by Immanuel Velikovsky
In The Age Of Man?
This article by Dr. Velikovsky
appeared in the KRONOS Journal in about 1978
Dinosaurs were found in the Laramie
basin in Wyoming together with land plants "remarkably modern in
their aspect"; these land plants bespoke a much more recent age than
the Age of Reptiles, which, it is assumed, came to its end
about 70 million years ago.
The plants were referred by paleobotanists to at least the Tertiary epoch, or the Age of
"The Laramide group has given rise to one of the two most
prolonged controversies in the history of American geology."
Dunbar, Historical Geology (1949), p. 375.]
But the paleozoologists persisted in ascribing the plants to the Age of
Reptiles, and finally coerced the botanists into accepting their
In the redstone wall of Supai Canyon in the region of the Grand Canyon in northern Arizona were
discovered figures of animals cut by some prehistoric man.
that some prehistoric man made a pictograph of a dinosaur on the
walls of this canyon upsets completely all of our theories regarding
the antiquity of man."
"The fact that the animal is upright
and balanced on its tail would seem to indicate that the prehistoric
artist must have seen it alive."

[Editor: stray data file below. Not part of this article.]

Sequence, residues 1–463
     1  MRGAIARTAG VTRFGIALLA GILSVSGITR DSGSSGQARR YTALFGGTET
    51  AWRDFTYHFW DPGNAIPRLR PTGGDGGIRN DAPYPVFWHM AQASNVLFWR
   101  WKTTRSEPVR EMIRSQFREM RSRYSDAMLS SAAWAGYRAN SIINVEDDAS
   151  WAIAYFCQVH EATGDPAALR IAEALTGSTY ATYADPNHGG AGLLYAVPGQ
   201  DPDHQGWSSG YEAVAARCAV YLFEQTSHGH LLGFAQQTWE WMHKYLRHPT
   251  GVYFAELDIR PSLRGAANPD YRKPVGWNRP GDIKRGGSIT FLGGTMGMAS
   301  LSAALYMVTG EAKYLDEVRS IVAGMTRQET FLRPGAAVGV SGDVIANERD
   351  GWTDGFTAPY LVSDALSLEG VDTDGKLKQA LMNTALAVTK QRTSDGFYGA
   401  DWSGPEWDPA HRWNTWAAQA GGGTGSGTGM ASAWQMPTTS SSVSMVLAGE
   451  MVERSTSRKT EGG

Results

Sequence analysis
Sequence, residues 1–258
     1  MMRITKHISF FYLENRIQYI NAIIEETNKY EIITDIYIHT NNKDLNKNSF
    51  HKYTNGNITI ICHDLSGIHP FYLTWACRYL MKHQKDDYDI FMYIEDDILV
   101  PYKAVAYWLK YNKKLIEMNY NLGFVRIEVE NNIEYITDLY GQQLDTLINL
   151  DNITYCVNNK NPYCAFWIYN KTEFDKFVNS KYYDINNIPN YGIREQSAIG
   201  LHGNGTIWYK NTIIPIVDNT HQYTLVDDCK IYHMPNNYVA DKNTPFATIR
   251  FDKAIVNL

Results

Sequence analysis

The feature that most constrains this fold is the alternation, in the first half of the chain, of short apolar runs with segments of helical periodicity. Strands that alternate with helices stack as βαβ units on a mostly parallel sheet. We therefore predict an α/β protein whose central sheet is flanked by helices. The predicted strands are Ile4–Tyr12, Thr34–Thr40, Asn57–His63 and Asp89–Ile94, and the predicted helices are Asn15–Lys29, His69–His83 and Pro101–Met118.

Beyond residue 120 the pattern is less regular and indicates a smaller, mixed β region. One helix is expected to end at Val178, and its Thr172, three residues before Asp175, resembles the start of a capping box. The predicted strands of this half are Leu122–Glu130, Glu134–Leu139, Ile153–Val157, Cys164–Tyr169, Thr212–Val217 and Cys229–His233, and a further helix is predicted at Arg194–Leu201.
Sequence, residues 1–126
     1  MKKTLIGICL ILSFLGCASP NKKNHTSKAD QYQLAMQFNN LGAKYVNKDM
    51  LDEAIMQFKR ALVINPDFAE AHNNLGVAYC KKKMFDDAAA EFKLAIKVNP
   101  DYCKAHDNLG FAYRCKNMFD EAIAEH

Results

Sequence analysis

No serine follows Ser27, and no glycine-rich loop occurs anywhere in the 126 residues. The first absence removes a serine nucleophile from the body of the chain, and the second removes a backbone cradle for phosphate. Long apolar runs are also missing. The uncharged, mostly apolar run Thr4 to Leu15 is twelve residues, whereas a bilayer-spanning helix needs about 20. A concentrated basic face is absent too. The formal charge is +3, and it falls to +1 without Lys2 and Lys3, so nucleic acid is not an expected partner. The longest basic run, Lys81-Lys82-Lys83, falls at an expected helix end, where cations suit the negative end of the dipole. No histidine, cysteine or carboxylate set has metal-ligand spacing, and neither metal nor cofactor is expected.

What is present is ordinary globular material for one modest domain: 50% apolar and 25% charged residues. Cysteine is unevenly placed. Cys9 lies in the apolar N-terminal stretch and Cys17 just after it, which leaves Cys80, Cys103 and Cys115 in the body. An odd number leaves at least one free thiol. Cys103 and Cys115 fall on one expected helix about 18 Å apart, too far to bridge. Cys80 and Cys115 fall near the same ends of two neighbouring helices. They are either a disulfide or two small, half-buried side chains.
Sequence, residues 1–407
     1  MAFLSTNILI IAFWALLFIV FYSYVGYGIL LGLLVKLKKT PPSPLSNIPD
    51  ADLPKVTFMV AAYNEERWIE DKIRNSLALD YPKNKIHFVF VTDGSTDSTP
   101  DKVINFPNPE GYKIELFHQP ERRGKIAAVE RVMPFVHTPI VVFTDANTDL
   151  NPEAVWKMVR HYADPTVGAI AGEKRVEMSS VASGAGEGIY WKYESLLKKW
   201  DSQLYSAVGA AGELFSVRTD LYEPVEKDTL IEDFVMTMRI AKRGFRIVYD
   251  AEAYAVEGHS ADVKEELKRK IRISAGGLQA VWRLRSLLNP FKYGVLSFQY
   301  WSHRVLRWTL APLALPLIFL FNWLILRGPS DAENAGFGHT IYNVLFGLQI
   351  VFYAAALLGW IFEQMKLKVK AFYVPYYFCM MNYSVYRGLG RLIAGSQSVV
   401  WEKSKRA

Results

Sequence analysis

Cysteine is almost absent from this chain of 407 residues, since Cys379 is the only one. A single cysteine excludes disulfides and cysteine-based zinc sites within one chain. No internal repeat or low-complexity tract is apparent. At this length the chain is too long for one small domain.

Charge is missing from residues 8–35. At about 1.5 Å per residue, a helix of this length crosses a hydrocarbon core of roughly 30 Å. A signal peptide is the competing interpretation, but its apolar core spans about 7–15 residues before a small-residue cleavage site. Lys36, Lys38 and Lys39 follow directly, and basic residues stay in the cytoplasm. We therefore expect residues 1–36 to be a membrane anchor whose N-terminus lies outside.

Dinosaurs were in the vicinity, as
is established by footprints discovered not more than one hundred
miles from the picture.
[S. Hubbard, The Doheny Scientific Expedition to the Hava
Supai Canyon, Northern Arizona, 1925 (1927), p. 5. E. George,
referring to these drawings in his The Adventures of Mankind
(1931), says: "Dr. Ales Hrdlicka, President of Anthropology,
has given a lecture on these discoveries. Though his facts seem
almost fantastic, they demand attention. They are actually nothing
more or less than an image of a dinosaur supporting itself on its
hind legs and balanced by its enormous tail. And a second drawing
shows a saurian attacking a man. ... Third drawing portrays a human
figure beside a mastodon."]
The paleontologist's scheme requires the extinction of dinosaurs
sixty to seventy million years before man appeared on the Earth.
"Either man goes back in Geologic time to the Triassic Period, which
is millions of years beyond anything yet admitted, or else there
were 'left over' dinosaurs which came down into the age of the
mammals. Yet even this last conclusion indicates a vast antiquity."
What kind of man was the artist?
"He used tools. He had the
patience to chip an outline in hard stone with a crude flint and he
had the perseverance to finish the job. He had an eye for form and a
sense of proportion. He had the good judgment to select a medium
which has preserved his work."
Close to the picture of the dinosaur appears a drawing of an
elephant attacking a large man. Elephants were not
found in America when it was discovered by Columbus, but
remains of elephants,
"are very common all over North America,
and they are found from Alaska to Mexico. Three species are
represented: the mammoth, the mastodon and the imperial elephant (elephas
imperator) of California."
On the wall of the
Canyon is the picture of the last species. The restored skeleton
stands fourteen feet high (almost 5 m.)
Next to these pictures an ibex is drawn; prehistoric